New legislation has been signed which will allow for CCTV footage to be used by local authorities in illegal dumping prosecutions.

Minister of State at the Department of Public Expenditure and Reform, Ossian Smyth, welcomed the passing into law this week of the Circular Economy Act 2022, after it was signed by President Michael D Higgins.

The Green Party representative said that it had become “nearly impossible” in recent years for local authorities to prosecute people for illegal dumping.

To date, local authorities’ ability to use CCTV to identify and target offenders has been restricted due to data-protection regulations.

Smyth said that people are sick of the fact that some can make money by dumping rubbish in the countryside and cannot be prosecuted for it.

illegal dumping in Coillte forests is a serious concern

Both the Data Protection Commission and the Attorney General were asked to examine how a local authority could prosecute somebody by using CCTV footage while also maintaining privacy rights.

It was recommended that legislation be introduced for “a very restricted form of CCTV surveillance” – facial recognition and automatic number plate recognition technologies are specifically excluded.

The CCTV surveillance will only be done at a particular site for a certain period of time and the cameras must be overt.

Smyth explained that evidence obtained can only be used to prosecute crimes of littering and dumping.

Among the other key elements of the Circular Economy Act 2022 are:

  • Prohibiting the exploration for and extraction of coal, lignite and oil shale;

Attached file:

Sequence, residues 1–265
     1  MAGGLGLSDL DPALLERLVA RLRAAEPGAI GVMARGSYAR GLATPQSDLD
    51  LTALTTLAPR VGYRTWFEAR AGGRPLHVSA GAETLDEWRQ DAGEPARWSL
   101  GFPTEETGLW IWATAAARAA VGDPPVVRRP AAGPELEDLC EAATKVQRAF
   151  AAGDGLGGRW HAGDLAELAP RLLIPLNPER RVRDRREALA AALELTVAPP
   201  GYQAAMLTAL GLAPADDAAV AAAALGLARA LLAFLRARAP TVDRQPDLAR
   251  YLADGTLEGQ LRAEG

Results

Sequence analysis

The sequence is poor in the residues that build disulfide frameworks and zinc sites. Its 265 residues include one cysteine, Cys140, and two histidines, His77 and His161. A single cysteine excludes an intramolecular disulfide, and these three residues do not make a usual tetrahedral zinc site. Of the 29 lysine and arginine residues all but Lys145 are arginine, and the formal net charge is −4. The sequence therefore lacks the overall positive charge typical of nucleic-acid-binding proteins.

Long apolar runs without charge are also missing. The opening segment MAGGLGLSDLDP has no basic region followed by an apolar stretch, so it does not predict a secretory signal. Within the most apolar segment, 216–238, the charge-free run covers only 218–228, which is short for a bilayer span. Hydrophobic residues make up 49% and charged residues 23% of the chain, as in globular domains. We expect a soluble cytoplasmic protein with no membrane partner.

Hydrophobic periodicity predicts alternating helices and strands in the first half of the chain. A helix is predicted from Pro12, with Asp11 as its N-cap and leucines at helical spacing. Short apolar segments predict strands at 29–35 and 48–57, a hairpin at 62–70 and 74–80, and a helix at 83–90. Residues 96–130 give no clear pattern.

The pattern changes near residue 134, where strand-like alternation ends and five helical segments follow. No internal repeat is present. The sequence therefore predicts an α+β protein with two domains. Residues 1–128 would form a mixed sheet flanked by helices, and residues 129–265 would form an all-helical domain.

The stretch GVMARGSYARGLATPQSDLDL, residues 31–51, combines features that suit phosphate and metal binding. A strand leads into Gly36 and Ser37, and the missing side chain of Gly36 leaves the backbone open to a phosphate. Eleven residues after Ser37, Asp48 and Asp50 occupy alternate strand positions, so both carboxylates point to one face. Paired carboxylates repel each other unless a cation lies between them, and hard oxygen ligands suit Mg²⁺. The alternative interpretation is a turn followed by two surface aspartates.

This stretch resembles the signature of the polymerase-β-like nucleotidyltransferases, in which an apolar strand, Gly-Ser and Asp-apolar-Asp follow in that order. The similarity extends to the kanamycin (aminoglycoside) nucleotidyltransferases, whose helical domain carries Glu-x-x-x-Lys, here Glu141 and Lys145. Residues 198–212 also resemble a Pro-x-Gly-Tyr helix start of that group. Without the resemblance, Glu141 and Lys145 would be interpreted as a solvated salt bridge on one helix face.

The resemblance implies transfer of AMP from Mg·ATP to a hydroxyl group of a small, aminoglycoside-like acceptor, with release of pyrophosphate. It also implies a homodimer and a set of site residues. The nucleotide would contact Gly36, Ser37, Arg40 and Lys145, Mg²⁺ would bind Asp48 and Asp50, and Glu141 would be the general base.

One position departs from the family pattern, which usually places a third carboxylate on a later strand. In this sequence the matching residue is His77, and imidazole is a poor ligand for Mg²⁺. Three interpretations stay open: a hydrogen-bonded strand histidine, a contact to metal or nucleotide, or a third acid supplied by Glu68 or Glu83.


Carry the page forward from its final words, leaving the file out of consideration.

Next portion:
• Phasing out single-use packaging;
  • Incentivising the use of reusable and recyclable materials in place of disposable ones;
  • Introducing mandatory segregation for commercial waste;
  • Establishing a legal requirement for government to prepare a circular economy where waste and resource use are minimised;
  • Introducing a strategy and national food loss prevention roadmap;
  • Diverting environmental levies into a ‘Circular Economy Fund’ to be ringfenced and used for environmental measures.

Minister Smyth stated that many of the provisions in the act are measures that the Green Party had been pushing for “for a long time”.

“These measures, when taken together, will work to shift businesses, retailers, and consumers, off the current damaging and wasteful throwaway model to something more sustainable. This is simple stuff but it stands to have a huge impact.

“By cutting down on disposable items, tackling dumping, and forcing the segregation of all waste, this law has the potential to divert hundreds of thousands of tonnes of material from landfill and incineration,” he said.

“This new law will also keep the circular economy and tackling waste on the political agenda by demanding the regular updating of the circular economy and food waste strategies,” Smyth added.

The minister said that the act underpins Ireland’s shift from a ‘take-make-waste’ linear model to a more sustainable pattern of production and consumption, which retains the value of resources in the economy for as long as possible.

He added that this approach will also significantly reduce our greenhouse gas (GHG) emissions.